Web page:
The Sutton Trust, Britain’s foremost education think tank, released a paper at the end of this week exploring what effect free tuition has had on Scottish universities and their socioeconomic profile. Given free tuition is a shibboleth of the Left, the findings make for interesting reading. Kids from disadvantaged backgrounds in England are 2.4 times less likely to attend university than their middle class peers. In Wales, the number is three time. In Scotland, it is four times.
On the surface of it, free university tuition has actually made it less likely that poorer students go to university – at the very least, it proves that it doesn’t necessarily I ncrease their numbers amongst the post-secondary educated. Part of this, in Scotland anyhow, comes down to the number of places available. There is a cap on admissions, which makes sense since there is only so many new students that the universities in Scotland can admit in any one year. In England, partly because of the fact that there are fees paid by the students, there are more places and thus more places for poorer students.
This goes along with the fact that higher tuition fees, when introduced by the coalition government in 2010, has led to there being more poorer university students, not fewer. The truth is – and no on the Left wants to face this – tuition fees are a tax on the middle classes. For a poorer student, having to pay nothing up front is much better than having to pay anything at all until after graduation, since the degree is the thing that is supposed to open up their ability to earn money. For a middle class student, a trebling of tuition fees is a genuine trebling of money out, since these students have parents who could afford to simply pay the old £3k fee upfront.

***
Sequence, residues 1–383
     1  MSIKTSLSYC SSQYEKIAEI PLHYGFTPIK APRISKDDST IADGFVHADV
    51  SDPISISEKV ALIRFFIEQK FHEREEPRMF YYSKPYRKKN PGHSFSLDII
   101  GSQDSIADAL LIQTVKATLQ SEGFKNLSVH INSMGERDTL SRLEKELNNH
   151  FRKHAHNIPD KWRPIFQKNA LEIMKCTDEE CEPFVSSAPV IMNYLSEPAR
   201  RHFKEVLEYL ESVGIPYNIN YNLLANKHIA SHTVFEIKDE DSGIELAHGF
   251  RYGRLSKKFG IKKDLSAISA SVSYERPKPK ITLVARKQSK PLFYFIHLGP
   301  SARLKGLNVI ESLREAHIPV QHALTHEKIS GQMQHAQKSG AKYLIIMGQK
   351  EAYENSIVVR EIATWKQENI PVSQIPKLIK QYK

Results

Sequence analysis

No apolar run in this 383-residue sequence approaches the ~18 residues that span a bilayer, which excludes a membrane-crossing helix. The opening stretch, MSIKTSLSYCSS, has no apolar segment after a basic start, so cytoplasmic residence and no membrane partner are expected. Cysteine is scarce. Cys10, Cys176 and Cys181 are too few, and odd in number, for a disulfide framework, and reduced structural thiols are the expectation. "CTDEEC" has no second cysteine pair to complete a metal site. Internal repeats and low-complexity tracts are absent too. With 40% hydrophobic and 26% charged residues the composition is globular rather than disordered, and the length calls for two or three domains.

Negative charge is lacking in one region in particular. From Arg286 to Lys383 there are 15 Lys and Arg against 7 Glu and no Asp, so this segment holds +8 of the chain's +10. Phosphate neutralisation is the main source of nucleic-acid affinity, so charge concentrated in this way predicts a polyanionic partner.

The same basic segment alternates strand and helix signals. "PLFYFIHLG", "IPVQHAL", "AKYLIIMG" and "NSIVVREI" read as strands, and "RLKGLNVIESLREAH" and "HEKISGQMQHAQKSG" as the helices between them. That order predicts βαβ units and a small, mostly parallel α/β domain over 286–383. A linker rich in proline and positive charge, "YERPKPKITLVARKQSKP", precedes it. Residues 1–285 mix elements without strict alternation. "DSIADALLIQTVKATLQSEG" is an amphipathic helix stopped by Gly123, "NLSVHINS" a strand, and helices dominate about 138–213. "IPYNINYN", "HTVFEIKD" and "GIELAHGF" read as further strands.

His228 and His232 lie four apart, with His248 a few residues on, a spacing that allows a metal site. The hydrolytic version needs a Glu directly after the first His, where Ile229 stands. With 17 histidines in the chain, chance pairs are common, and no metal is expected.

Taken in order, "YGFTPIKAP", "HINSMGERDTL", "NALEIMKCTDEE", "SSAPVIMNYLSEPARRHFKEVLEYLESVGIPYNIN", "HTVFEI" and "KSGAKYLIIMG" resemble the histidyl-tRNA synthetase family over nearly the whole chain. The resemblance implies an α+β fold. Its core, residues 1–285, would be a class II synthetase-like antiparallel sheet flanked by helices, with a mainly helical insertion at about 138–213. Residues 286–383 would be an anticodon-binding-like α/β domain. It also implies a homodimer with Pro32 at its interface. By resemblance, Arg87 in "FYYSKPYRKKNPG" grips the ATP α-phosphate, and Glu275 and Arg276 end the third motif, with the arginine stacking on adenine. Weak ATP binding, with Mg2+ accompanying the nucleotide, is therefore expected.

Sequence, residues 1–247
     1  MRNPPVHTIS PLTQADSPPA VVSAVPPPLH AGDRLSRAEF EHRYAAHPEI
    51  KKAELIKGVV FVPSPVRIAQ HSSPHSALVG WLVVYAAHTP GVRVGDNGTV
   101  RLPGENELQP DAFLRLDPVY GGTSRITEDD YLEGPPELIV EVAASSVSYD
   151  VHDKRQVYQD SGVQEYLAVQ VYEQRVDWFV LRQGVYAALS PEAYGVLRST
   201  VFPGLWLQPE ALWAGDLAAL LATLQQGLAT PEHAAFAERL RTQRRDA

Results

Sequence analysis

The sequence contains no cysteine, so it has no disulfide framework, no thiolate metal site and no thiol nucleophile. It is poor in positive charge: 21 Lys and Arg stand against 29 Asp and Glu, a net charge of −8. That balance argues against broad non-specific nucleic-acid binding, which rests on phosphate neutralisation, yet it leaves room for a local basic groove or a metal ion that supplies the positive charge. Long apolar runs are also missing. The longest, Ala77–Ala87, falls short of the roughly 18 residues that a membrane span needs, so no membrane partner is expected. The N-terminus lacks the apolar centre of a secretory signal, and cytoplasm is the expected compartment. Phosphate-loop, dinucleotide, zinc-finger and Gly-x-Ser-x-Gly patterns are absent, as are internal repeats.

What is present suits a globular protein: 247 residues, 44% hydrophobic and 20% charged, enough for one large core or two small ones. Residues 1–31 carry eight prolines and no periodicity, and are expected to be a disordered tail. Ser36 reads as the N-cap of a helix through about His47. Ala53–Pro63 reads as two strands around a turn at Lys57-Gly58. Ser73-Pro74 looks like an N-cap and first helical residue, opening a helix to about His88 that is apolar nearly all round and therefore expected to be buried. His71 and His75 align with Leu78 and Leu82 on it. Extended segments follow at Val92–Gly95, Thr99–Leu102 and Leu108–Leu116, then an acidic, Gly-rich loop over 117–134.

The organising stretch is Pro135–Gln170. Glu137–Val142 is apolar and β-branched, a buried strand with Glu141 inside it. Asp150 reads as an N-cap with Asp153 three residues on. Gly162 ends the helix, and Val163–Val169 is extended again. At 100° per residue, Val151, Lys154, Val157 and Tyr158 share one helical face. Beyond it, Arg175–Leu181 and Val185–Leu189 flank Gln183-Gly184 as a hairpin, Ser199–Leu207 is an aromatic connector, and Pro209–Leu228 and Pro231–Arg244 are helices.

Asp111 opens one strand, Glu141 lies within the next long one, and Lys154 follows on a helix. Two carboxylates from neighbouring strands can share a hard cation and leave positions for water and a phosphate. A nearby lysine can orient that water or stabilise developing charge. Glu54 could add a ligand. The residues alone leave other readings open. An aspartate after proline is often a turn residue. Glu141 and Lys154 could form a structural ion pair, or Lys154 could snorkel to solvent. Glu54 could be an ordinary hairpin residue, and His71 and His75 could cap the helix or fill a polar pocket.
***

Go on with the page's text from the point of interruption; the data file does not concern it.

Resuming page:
I have always understood why middle class students were upset by the tuition fees increase. They got stiffed and had every right to feel aggrieved. What was irritating about it – and continues to grate – is that they paint it all as something that is a negative for students or prospective students poorer than themselves, when all of the evidence continues to point to the contrary. This is not to champion a more right-wing system than we have now, one which is like the American system. I wouldn’t want to see a situation where poorer kids are genuinely elbowed out of getting a higher education altogether, which is what something like that would do, in my opinion. But we have to look at what is actually contributing to more equality in society – and what is not, despite good intentions.
I ask those who most fervently support free university tuition: if it could be proved beyond a shadow of a doubt that it led to fewer students from poorer backgrounds getting a post-secondary education, would you still be for it? That is the real question for the Left to ask itself (while the Right should be careful in thinking a more free market system would create more socioeconomic levelling – international comparisons tell us it almost certainly wouldn’t).